“But I didn’t. I took the central estimate.
“And the fact that it is very similar to the central estimate of the OECD and the London School of Economics I think is telling.”
He went on: “I think it’s important in this debate to look at the weight of the evidence.
“Of course there is going to be claim and counter claim.
“But when it comes to the economic cost of leaving the EU versus the potential benefits, you have to weigh up that whilst you have a small number of individuals, long associated with the campaign to leave the EU, on one side of the argument and, on the other side of the argument, the vast bulk of economic opinion in this country, every major financial institution in this country, every international financial organisation and a host of external observers of the British economy.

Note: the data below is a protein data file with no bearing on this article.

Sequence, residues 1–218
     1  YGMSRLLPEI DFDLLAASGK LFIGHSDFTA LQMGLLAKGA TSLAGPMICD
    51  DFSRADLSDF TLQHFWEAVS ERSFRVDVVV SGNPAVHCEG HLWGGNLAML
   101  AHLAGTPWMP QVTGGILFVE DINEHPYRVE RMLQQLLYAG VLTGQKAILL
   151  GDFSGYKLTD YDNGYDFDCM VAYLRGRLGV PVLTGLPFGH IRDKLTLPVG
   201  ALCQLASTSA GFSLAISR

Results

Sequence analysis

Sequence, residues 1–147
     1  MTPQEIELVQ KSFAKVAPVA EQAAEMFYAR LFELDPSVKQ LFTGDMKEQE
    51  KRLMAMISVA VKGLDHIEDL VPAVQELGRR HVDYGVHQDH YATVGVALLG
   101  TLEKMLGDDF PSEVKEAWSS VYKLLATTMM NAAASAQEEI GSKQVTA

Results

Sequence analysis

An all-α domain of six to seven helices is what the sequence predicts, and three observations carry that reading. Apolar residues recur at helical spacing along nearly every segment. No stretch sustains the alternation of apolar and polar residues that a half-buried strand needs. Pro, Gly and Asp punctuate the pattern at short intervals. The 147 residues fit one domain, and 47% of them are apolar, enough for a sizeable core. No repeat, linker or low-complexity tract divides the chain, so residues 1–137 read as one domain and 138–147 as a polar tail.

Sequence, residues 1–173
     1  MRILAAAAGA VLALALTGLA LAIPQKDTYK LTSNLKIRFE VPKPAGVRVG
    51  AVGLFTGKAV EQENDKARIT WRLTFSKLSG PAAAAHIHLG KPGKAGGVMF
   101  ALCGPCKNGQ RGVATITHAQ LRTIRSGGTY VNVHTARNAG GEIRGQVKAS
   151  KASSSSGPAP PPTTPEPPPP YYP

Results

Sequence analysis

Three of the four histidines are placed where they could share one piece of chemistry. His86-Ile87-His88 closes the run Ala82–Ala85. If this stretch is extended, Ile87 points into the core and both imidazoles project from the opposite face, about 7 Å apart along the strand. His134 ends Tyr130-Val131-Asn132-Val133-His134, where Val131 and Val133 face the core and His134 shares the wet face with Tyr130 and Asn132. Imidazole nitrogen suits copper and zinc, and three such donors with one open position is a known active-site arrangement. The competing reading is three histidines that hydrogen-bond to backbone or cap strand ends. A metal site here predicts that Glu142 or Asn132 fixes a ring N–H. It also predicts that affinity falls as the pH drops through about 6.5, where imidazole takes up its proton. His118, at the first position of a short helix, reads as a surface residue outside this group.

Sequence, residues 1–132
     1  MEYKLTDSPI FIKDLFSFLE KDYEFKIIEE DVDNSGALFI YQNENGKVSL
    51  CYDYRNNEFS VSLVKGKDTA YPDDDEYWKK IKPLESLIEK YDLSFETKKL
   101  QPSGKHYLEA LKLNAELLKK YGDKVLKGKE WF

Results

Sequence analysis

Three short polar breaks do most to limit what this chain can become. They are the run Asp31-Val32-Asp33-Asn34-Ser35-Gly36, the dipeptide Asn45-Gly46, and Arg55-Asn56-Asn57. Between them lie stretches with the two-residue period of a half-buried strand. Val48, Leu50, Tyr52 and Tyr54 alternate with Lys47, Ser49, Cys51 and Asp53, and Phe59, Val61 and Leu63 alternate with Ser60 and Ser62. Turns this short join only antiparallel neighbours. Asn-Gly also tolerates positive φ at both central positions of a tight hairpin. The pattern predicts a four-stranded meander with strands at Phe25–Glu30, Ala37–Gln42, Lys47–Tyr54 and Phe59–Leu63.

“I know in the interests of balance sometimes equal airtime is given to both arguments.
“But if you look at the sheer weight of opinion, it is overwhelmingly the case that people who look at the case for leaving the EU come to the conclusion it would make the country poorer and would make the individuals in the country poorer too.”